Funny Organs and Word Weirdness from Relatives and Students

You may have been wondering, “How funny are my internal organs?” Well, here they are, in descending order of humor:

  1. Spleen
  2. Testes
  3. Urethra
  4. Pancreas, which includes tissue called the Islets of Langerhans
  5. Gall Bladder
  6. Pituitary Gland
  7. Rectum

It’s hard to make a case that any other organ is funny. Liver? No, not really.

My 11-year-old daughter told me today that if you are feeling stressed, you should eat desserts because desserts is stressed backwards.

My cousin occasionally shares with me her lexical concerns. Her name is Judi, so I call them Judiisms:

  • Why is someone who picks pockets called a ‘pick pocket’ and not a pick pocketer?
  • Why are things black and white, and never white and black?
  • Why does it rain cats and dogs, but not dogs and cats?
  • Why salt and pepper, but never pepper and salt?
  • Here’s a weird one: You usually say, “put on your shoes and socks.” My son always points out to me that that is impossible.
  • If something is “needless to say,” why do people go ahead and say it?

Here’s a new word. I first heard it in my 7th grade classroom: Legitfully. It seems to mean something akin to “truthfully,” but with 10 times the cool factor.

That’s all for now. I’m trying to figure out a way to get to Madison, Wisconsin – Solidarity Forever!

Beneath this flower lie some more word weirdness, or wrod wiredness:

dasy

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5 Responses to Funny Organs and Word Weirdness from Relatives and Students

  1. daisy's mom says:

    actually, it should probably be a “pocket picker.”

    Like

  2. Samir Hafza says:

    Also, why “herpes” not “hispes”? Why “histeria” (as hysteria is pronounced)not “herteria”?

    Like

  3. Why does it rain cats and dogs, but not dogs and cats?

    For the same reason that you can “spill the beans” but “drop the beans” and “spill the peas” do not have a similar meaning. You can let the “cat out of the bag” but you cannot let the “feline out of the sack”.
    And you can “count sheep” to go to sleep, but counting goats will not help.

    Some English idioms are foreign idioms translated into English. For example, (to escape) “by the skin of my teeth” is a translation of B’3or SHinai (using 3 for the letter aiyin) in the biblical book of Job 19:20. It means “barely, hardly, with difficulty” because the Hebrew phrase is a pun on the word B’QoSHi at a time when the aiyin had a G/K-sound, as in 3aZa = Gaza.

    Most idioms (defined narrowly as phrases whose meaning cannot be determined by analyzing the “words” in them) are transliterated (not translated) from a foreign language directly into common words of the target language. For example:

    The “beans” in “spill the beans” and “doesn’t know beans about …” is related to Hebrew BiNah = understanding, intelligence.

    The “bag” in “let the cat out of the bag” and “left holding the bag” is related to Hebrew BaGaD = to betray. The “cat out” is from Aramaic QiSHoT = truth, at a time when the shin had a dental D/T-sound. So, to let the cat out of the bag is to betray the truth, to tell the truth when no one would dream of doing so. If you were left holding the bag, everyone else got away. You got caught because you were betrayed.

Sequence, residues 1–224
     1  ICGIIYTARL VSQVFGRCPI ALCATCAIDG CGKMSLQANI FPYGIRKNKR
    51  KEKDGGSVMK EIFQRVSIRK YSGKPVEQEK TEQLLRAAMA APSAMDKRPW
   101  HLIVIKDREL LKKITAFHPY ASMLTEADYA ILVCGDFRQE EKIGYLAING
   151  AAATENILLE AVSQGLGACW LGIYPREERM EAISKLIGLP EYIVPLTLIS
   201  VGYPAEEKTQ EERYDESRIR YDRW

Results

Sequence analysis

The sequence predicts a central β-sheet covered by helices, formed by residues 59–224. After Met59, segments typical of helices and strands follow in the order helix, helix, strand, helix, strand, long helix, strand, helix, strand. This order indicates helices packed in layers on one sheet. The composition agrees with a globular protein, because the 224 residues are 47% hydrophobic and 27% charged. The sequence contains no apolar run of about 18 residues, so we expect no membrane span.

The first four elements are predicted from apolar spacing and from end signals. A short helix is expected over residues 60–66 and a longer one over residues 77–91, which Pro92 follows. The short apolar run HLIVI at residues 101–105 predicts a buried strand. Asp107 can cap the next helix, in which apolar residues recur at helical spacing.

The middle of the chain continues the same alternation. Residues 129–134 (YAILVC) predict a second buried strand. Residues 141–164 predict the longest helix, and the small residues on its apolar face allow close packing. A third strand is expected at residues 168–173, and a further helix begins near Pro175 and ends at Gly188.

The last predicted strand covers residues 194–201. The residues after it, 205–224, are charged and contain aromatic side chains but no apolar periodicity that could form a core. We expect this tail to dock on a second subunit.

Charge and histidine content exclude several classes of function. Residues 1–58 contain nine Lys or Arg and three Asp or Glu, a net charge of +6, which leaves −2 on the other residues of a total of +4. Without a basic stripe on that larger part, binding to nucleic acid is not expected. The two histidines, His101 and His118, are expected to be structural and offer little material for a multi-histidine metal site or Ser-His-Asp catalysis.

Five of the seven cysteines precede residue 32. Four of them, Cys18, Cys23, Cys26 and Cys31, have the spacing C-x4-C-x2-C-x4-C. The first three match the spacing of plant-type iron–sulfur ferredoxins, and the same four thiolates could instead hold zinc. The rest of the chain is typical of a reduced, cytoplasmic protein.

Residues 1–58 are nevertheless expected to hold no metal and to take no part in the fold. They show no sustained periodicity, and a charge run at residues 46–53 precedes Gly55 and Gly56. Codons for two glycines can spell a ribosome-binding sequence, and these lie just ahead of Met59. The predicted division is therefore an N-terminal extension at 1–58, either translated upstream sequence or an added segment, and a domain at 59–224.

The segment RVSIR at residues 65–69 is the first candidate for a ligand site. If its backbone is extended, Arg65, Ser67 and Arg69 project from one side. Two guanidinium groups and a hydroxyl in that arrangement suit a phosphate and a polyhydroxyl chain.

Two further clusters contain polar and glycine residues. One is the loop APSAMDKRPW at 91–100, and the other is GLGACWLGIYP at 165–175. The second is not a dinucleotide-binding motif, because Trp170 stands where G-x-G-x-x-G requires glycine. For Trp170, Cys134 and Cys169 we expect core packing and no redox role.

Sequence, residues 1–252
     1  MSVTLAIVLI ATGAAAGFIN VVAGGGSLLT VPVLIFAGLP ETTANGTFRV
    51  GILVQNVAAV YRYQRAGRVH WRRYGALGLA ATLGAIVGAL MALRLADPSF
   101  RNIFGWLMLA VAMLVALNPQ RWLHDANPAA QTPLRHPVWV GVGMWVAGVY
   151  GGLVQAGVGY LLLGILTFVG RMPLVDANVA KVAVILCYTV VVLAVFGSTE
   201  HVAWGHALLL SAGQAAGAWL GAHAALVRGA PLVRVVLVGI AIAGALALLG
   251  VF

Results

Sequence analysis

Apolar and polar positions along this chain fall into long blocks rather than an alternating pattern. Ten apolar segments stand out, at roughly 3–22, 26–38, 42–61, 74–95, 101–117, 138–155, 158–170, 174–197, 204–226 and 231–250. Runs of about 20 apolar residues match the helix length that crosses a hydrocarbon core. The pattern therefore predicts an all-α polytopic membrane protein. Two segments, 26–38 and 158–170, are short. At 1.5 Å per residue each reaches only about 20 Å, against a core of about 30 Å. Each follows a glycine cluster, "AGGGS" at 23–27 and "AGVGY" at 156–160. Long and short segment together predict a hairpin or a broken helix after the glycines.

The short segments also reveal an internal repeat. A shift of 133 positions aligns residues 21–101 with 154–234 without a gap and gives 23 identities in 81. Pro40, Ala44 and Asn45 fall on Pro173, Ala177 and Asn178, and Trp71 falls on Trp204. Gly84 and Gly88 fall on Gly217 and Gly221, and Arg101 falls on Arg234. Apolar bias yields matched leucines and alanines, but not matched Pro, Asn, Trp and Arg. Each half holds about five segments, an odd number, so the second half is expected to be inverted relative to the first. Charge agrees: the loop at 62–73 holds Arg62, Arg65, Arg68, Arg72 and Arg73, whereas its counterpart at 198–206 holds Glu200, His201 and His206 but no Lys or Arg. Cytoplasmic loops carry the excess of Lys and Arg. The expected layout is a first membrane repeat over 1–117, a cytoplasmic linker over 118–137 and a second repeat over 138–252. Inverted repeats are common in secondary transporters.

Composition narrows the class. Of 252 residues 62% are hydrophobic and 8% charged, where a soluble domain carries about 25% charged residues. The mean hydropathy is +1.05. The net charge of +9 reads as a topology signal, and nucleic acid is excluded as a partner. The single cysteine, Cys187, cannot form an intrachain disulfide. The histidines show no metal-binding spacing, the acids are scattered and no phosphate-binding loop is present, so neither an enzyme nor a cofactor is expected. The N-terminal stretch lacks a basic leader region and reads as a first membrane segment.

Sometimes both transliteration and translation are involved. For example, “count sheep !” (to help one go to sleep) seems to be the translation of a Hebrew transliteration pun, S’PoR KeVeS, on the Latin phrase sopor quies = sleep quietly, restfully (without moving). A soporific is a drug that makes you sleep. Quiescent means quiet, still or inactive. (U and V are the same letter in Latin.) This idiom has been borrowed back into Israeli Hebrew as LiSPoR K’VaSim, to count sheep (plural).

    Many other English idioms probably have a Semitic origin. Here are a few of them:

    — kick the bucket – 3aGav B’3aiDen = literally, make love in paradise
    — the Jolly Roger – DeGeLai Ra3a = flag of evil (via Arabic)
    — raining (pole)cats and dogs OE DoCGa = 4-legged dog
    — Welsh rabbit = cheese and ale on toast < [W]aLav = milk + SHachaR = ale + PaT lekhem = pita/toast (with an ancient W-sound for the het)

    Idioms that seem to have a Germanic origin include:
    "has an axe to grind," probably a transliteration of acht[ung] Grund, compare Beweggrund = motive
    "[does that] ring a bell?", probably a translation of Glock as a pun on Latin recollect(are)

    For more of these, do a Google search on

    Like

  4. Israel "izzy" Cohen says:

    Do a Google search on
    “izzy cohen” idioms Hebrew

    Like

  5. […] Here are some more word questions LD_AddCustomAttr("AdOpt", "1"); LD_AddCustomAttr("Origin", "other"); LD_AddCustomAttr("theme_bg", "ffffff"); LD_AddCustomAttr("theme_text", "333333"); LD_AddCustomAttr("theme_link", "0066cc"); LD_AddCustomAttr("theme_border", "5581C0"); LD_AddCustomAttr("theme_url", "114477"); LD_AddCustomAttr("LangId", "1"); LD_AddCustomAttr("Autotag", "family"); LD_AddCustomAttr("Tag", "bean-sprout"); LD_AddCustomAttr("Tag", "fun-with-words"); LD_AddCustomAttr("Tag", "language-conventions"); LD_AddCustomAttr("Tag", "lexography"); LD_AddCustomAttr("Tag", "pointless-observations"); LD_AddCustomAttr("Tag", "word-order"); LD_AddCustomAttr("Tag", "word-play"); LD_AddCustomAttr("Tag", "wordplay"); LD_AddSlot("LD_ROS_300-WEB"); LD_GetBids(); Share this:Like this:LikeBe the first to like this post. […]

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